There seems to be no stopping Korg at the moment, at least in the realm of analogue- flavoured kit. Like most other manufacturers, digital technology has ruled Korg's roost for much of the last three decades and it seemed that its well-regarded analogue synth legacy would remain just that - until the arrival of the small, fun and cheap Monotron a few years ago.
This spawned what has become an onslaught of tech-nerds' sonic delights (most recently the Volcas - a combination of analogue sound generation and digital control). littleBits on the other hand is only a few years old, though in that time has garnered a host of awards for its range of small interconnecting circuit board modules.
Bits and pieces
All littleBits' modules fall into one of three colour-coded categories - power (blue), input (pink), wire (orange) and output (green). Connections between modules are made automatically when they are placed next to each other (with magnets ensuring they don't move apart too easily).
The existing modules are generally based around simple circuits of only a few onboard components, or just one in the case of something like a toggle switch. Into this colourful 'electronic Lego' universe step Korg, who have teamed-up with littleBits to create the 12-piece Synth Kit. This consists of many of the sound generation and processing building- blocks associated with a basic subtractive synth bundled into a tiered cardboard box with a 35-page booklet.
Taking each Bit module in turn, we start with Power, which connects to the included 9-volt battery, and will usually be the starting point for any circuit as you would expect. Oscillator is capable of generating Square and Saw waves and features Pitch knob alongside a smaller tuning trimmer. Varying the input voltage entering the input (left) side of the module allows pitch to be controlled remotely.Two identical Oscillator modules are provided with the Synth Kit.
Next, we have the Filter, which is apparently based around the Korg's famous MS-20 filter. Again, this is a simple affair, with Cutoff and Peak (resonance) knobs, though there is an additional Frequency In connector, which allows the cutoff to be controlled by another Bit module.
The Envelope Bit is a two-stage modulator with Attack and Decay controls that on first inspection appears to be solely for use as a Voltage Controlled Amplifier (VCA). However, after some playing about we realised it can also be used as a more general modulation source.
For example, it is possible to use it to control the cutoff frequency of the Filter module, in much the same way as most other synths. In fact, on closer inspection it is apparent that the Oscillator modules can also be used for modulation duties in a similar manner to a conventional LFO.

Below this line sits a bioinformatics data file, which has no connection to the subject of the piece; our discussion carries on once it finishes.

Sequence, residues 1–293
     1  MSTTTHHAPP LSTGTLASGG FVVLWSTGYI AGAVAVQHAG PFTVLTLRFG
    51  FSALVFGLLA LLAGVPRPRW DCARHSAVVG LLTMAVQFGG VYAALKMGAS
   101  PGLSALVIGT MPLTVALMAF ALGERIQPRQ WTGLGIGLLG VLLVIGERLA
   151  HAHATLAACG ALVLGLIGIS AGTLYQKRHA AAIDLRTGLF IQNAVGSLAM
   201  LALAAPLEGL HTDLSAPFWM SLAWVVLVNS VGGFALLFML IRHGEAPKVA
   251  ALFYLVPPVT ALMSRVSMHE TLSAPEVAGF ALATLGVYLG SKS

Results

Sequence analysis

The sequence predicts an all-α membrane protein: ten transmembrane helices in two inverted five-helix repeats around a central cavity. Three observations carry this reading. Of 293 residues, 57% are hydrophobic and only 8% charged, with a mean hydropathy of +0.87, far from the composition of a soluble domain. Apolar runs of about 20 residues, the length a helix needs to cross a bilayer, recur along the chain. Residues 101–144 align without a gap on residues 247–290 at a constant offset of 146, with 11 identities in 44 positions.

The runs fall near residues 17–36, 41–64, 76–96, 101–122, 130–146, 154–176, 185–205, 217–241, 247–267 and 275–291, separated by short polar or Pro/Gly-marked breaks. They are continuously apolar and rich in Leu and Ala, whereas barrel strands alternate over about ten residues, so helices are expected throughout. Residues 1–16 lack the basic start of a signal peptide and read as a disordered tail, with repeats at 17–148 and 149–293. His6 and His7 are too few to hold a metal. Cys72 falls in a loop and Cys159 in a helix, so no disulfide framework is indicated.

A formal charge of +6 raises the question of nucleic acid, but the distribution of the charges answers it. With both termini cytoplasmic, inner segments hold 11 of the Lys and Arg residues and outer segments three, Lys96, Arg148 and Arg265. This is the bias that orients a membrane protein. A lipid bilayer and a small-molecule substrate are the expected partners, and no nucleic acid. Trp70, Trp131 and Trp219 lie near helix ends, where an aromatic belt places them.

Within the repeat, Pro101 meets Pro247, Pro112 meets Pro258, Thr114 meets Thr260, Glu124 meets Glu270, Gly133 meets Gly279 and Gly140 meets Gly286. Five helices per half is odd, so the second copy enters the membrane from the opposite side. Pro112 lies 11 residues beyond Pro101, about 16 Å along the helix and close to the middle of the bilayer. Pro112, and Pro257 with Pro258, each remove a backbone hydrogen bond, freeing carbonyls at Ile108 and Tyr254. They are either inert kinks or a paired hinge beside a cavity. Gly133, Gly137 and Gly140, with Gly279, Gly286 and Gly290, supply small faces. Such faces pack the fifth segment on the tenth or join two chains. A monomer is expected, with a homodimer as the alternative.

This can be tested by connecting only two Oscillators in series, whereupon the first in the chain modulates the pitch of the second. Dialling-up a low pitch setting on the first Oscillator delivers pitch sweeps and vibrato effects, but moving its frequency upwards nudges things into atonal cross-modulation territory - nasty, but nice.
The small Random module functions as either a white noise or random voltage generator. So, like the two Oscillators, it can be both a sound source and modulator. The final processor/generator block here is Delay, with Time and Feedback controls, though no wet/dry mix. Of course if you want to hear any of your sonic noodling you'll need to plug in the Synth Speaker module, that also features a small loudspeaker and headphone jack.
Sadly, there is no audio input included in the kit, so you will need to buy the microphone Bit if you want to explore the possibilities of processing external audio. Mix and Split modules allow you to explore more complicated configurations, though including two of each of these in the kit would have been more helpful.
The final parts are the Keyboard and Micro Sequencer Bits. The keyboard is a very compact one octave micro-switch device that can also output a trigger pulse besides the varying voltages related to pitch. More fun than actually playing notes can be had in the form of the Micro Sequencer module, which has four variable steps. The sequencer can be externally clocked from an incoming voltage pulse or button press, and there's a trigger output that sends its own voltage trigger with each step.
To plug or not to plug?
Ultimately, although quite basic in synthesis terms, the littleBits Synth Kit is capable of some interesting results, though to get the most out of it you may need to buy other Bits. The booklet is well-written and informative, with lots of background on why, as well as how, you connect the Bits together.
The examples give you plenty of insight into the basics of synthesis, and even go as far as building a Keytar, but beneath this is the reality that this is more about education and simple fun than a cheap way into modular synthesis.
We would argue that many musos may get more from £100 by trying Korg's more self-contained creations such as the Monotrons, Volcas and Monotribe. In publicity terms at least Korg are onto a winner, and littleBits, as a concept, has charm and functionality.